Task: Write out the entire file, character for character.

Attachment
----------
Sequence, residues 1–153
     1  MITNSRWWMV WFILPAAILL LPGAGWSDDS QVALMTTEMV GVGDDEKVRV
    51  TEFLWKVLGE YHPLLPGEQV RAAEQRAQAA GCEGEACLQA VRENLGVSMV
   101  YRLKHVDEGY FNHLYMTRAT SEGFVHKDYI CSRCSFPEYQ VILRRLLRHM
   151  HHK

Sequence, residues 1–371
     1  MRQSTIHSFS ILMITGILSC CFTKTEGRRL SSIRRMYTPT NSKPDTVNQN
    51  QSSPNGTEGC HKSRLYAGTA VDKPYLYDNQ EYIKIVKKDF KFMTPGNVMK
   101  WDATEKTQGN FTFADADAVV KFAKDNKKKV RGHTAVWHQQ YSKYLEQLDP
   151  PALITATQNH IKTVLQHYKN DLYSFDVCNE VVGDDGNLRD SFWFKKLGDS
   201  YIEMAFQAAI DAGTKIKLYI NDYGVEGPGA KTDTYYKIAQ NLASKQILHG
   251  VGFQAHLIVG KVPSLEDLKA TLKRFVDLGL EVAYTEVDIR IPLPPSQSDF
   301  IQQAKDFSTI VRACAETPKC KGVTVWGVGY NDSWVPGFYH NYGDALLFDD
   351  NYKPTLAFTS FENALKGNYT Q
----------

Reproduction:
Sequence, residues 1–153
     1  MITNSRWWMV WFILPAAILL LPGAGWSDDS QVALMTTEMV GVGDDEKVRV
    51  TEFLWKVLGE YHPLLPGEQV RAAEQRAQAA GCEGEACLQA VRENLGVSMV
   101  YRLKHVDEGY FNHLYMTRAT SEGFVHKDYI CSRCSFPEYQ VILRRLLRHM
   151  HHK

Sequence, residues 1–371
     1  MRQSTIHSFS ILMITGILSC CFTKTEGRRL SSIRRMYTPT NSKPDTVNQN
    51  QSSPNGTEGC HKSRLYAGTA VDKPYLYDNQ EYIKIVKKDF KFMTPGNVMK
   101  WDATEKTQGN FTFADADAVV KFAKDNKKKV RGHTAVWHQQ YSKYLEQLDP
   151  PALITATQNH IKTVLQHYKN DLYSFDVCNE VVGDDGNLRD SFWFKKLGDS
   201  YIEMAFQAAI DAGTKIKLYI NDYGVEGPGA KTDTYYKIAQ NLASKQILHG
   251  VGFQAHLIVG KVPSLEDLKA TLKRFVDLGL EVAYTEVDIR IPLPPSQSDF
   301  IQQAKDFSTI VRACAETPKC KGVTVWGVGY NDSWVPGFYH NYGDALLFDD
   351  NYKPTLAFTS FENALKGNYT Q